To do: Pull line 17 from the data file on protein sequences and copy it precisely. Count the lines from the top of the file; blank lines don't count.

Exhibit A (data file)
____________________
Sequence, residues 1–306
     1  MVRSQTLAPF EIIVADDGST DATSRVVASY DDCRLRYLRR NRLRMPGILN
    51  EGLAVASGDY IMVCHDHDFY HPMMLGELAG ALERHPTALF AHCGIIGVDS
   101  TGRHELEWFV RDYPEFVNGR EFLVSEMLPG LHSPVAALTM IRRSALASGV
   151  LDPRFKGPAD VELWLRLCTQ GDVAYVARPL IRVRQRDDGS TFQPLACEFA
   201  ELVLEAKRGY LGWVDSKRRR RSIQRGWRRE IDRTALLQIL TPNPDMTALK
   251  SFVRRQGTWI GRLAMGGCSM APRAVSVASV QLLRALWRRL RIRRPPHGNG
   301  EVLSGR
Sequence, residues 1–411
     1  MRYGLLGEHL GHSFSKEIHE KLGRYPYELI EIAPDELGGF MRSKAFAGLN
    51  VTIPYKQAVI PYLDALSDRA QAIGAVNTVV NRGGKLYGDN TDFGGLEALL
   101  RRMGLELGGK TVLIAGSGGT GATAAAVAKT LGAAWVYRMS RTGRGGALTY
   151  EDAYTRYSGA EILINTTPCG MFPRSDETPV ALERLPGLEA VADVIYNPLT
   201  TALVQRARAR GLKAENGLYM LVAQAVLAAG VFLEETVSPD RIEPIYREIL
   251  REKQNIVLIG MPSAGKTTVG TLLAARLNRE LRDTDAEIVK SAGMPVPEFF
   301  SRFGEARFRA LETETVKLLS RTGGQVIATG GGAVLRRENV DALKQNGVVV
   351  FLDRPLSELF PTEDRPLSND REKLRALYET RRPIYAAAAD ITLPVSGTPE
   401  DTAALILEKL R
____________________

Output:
   351  FLDRPLSELF PTEDRPLSND REKLRALYET RRPIYAAAAD ITLPVSGTPE